Pupils achieve well because teachers challenge them successfully. Pupils enter the school with a low starting point and make really good progress in Reception. This ensures that standards are broadly in line with expectations when they start Year 1, but a little lower in writing and linking letters and sounds.
Pupils make sound progress in Years 1 and 2 and this means that standards are average by the start of Year 3. Boys and girls made good progress in 2007 in learning to read. This is because the staff use guided reading sessions well.
Standards are above average in Year 6 except in writing. Standards of writing are lower because not all teachers have good levels of knowledge in this area. Pupils achieve well from Years 3 to 6 partly because booster classes are really effective in Year 6. More able pupils are extended successfully. Pupils who are learning to speak English as an additional language are supported satisfactorily and so they are progressing adequately.
Personal development and well-being
Pupils' enjoyment of school is good. Their attendance is satisfactory and they show a clear sense of purpose in learning and making progress. They relate well to each other and show good consideration for others. The school is effective in promoting pupils' awareness of safety, for example by improving their cycling skills and awareness of their own safety. Pupils' spiritual, moral, social and cultural development is good. Year 6 play leaders help pupils socialise effectively and play games at break times.
Pupils have a good level of knowledge and respect for different people's cultures and beliefs. They are enthusiastic contributors in school and more widely, raising money for many charities. A few pupils do not know how to meet their personal targets and so they do not have a deep understanding of how to develop their work and skills.
Quality of provision
Teaching and learning
Teaching is effective and helps pupils make good progress. Oral feedback from staff is good and so pupils learn about what they have done well in their work. Staff encourage pupils successfully to be independent and think for themselves. Time is used well because lessons are planned thoughtfully. Good teaching methods develop pupils' basic skills. For example, Year 6 pupils learn to round numbers to three decimal places, effectively using small wipable boards to help them. Pupils from minority ethnic groups make good progress because they are included well in lessons. Assessment activities are used well and especially to identify pupils who are exceeding expectations or underachieving. The use of skilled teaching assistants with a small group means pupils receive valuable individual attention. Occasionally, teachers do not explain clearly what pupils are expected to achieve and this means that pupils do not always have opportunities to evaluate their successes.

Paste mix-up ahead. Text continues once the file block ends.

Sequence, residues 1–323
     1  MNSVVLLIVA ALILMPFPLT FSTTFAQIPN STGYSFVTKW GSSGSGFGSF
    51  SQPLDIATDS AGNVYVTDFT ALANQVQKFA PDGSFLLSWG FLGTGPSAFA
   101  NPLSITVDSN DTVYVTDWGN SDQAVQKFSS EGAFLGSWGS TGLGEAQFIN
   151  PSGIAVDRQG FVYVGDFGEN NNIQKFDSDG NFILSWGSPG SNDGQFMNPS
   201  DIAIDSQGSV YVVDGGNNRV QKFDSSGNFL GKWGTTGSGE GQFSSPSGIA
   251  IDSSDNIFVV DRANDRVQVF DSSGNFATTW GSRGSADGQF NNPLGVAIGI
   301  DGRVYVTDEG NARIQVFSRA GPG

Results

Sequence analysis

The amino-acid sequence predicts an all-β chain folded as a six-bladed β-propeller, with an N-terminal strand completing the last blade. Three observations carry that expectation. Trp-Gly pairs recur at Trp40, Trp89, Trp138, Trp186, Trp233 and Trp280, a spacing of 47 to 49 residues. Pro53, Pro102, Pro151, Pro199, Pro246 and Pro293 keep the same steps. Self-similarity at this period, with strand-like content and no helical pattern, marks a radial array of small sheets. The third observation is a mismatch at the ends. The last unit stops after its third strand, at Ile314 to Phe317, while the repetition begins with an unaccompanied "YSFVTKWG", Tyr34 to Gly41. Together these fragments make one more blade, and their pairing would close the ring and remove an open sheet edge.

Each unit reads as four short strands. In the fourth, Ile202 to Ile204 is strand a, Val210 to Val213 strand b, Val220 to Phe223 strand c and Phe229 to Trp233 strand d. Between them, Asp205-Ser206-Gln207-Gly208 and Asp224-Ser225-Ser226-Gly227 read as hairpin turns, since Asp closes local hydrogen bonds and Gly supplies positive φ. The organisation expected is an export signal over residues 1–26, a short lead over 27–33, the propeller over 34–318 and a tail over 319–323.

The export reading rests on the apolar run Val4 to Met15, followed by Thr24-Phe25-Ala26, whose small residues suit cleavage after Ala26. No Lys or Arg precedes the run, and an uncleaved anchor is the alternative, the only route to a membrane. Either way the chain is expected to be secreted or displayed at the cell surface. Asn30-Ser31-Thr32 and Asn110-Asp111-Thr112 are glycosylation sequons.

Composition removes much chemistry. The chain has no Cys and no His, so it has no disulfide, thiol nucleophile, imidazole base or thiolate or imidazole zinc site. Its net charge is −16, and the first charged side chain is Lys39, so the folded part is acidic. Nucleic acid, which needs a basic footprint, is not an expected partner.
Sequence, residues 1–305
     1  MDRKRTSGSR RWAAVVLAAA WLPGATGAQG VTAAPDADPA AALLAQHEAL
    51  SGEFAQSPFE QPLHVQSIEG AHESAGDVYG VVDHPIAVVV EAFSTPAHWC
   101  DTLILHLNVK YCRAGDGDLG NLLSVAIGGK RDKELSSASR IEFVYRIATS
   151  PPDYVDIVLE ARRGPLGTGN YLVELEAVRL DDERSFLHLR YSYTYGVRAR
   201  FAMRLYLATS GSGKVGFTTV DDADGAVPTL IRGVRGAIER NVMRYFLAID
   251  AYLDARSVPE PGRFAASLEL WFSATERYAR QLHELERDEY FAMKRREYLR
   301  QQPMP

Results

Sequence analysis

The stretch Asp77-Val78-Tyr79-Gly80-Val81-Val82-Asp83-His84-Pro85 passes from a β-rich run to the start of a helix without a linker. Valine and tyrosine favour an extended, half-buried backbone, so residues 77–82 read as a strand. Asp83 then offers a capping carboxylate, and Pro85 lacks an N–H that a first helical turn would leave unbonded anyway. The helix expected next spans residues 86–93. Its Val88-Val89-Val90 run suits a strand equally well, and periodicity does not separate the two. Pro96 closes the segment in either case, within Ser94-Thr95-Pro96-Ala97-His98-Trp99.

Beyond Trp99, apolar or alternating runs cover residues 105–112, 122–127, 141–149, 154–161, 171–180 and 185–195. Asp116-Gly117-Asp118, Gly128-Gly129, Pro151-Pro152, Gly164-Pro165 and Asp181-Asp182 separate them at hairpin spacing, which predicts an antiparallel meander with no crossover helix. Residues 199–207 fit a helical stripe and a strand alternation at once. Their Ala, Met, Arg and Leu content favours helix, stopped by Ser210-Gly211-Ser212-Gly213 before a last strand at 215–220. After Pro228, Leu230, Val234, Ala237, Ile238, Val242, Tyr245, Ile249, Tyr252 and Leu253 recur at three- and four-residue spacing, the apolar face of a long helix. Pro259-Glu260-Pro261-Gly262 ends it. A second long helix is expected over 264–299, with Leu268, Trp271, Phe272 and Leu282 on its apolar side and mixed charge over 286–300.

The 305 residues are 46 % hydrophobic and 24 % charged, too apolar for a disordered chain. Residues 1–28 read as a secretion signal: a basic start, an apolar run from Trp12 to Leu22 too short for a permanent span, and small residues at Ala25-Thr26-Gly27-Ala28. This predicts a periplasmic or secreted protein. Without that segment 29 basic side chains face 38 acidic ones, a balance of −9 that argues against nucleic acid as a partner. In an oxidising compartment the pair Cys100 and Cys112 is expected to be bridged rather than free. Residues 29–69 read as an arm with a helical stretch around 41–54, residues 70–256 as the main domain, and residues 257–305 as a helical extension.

Curriculum and other activities
The curriculum is good and includes good provision for literacy and numeracy across the school. The curriculum is well planned and is being developed successfully as a result of the good contributions made by subject leaders. Further work is focusing on the curriculum being more flexible and creative in response to pupils' needs and interests. However, learning opportunities are relevant, interesting and challenging for pupils. This contributes much to their enjoyment of school. Different groups of pupils are catered for well. Pupils with learning difficulties are provided for effectively and so they achieve well. Pupils have a good choice of extra activities including sports and music. Their curriculum is enriched well with visits to places of interest and by visitors to the school. The school's nurse makes a good contribution to increasing pupils' awareness of health matters.
Care, guidance and support
All staff offer pupils a dedicated and good level of welfare and care. This ensures that pupils develop into mature and thoughtful young people. Pupils are encouraged successfully to lead healthy and safe lives. Health and safety issues in school are checked carefully and resolved. The school works carefully to safeguard pupils, and procedures meet requirements. Pupils who arrive part way through the year are supported successfully and they achieve well. Academic guidance is good. Pupils' progress is tracked thoroughly. Language targets for those who speak English as an additional language are not always specific or measurable.
Leadership and management
The headteacher's leadership is impressive. She has raised the school's expectations and set a clear direction which is increasing the rate of improvement throughout the school. This has had a positive impact on pupils' standards and achievement. Subject leaders' roles have been strengthened by clearer definitions of their responsibilities. This has sharpened the focus of these leaders on linking the quality of provision to pupils' results. Monitoring of the school's work is systematic and both strengths and areas for improvement are clearly identified. Improvement planning is effective as a result. Governors and staff contribute successfully to high quality self-evaluation of the provision of education offered. Occasionally, the recording of self-evaluation does not concentrate successfully on measurable outcomes for pupils. Governors are well informed and closely involved with the school.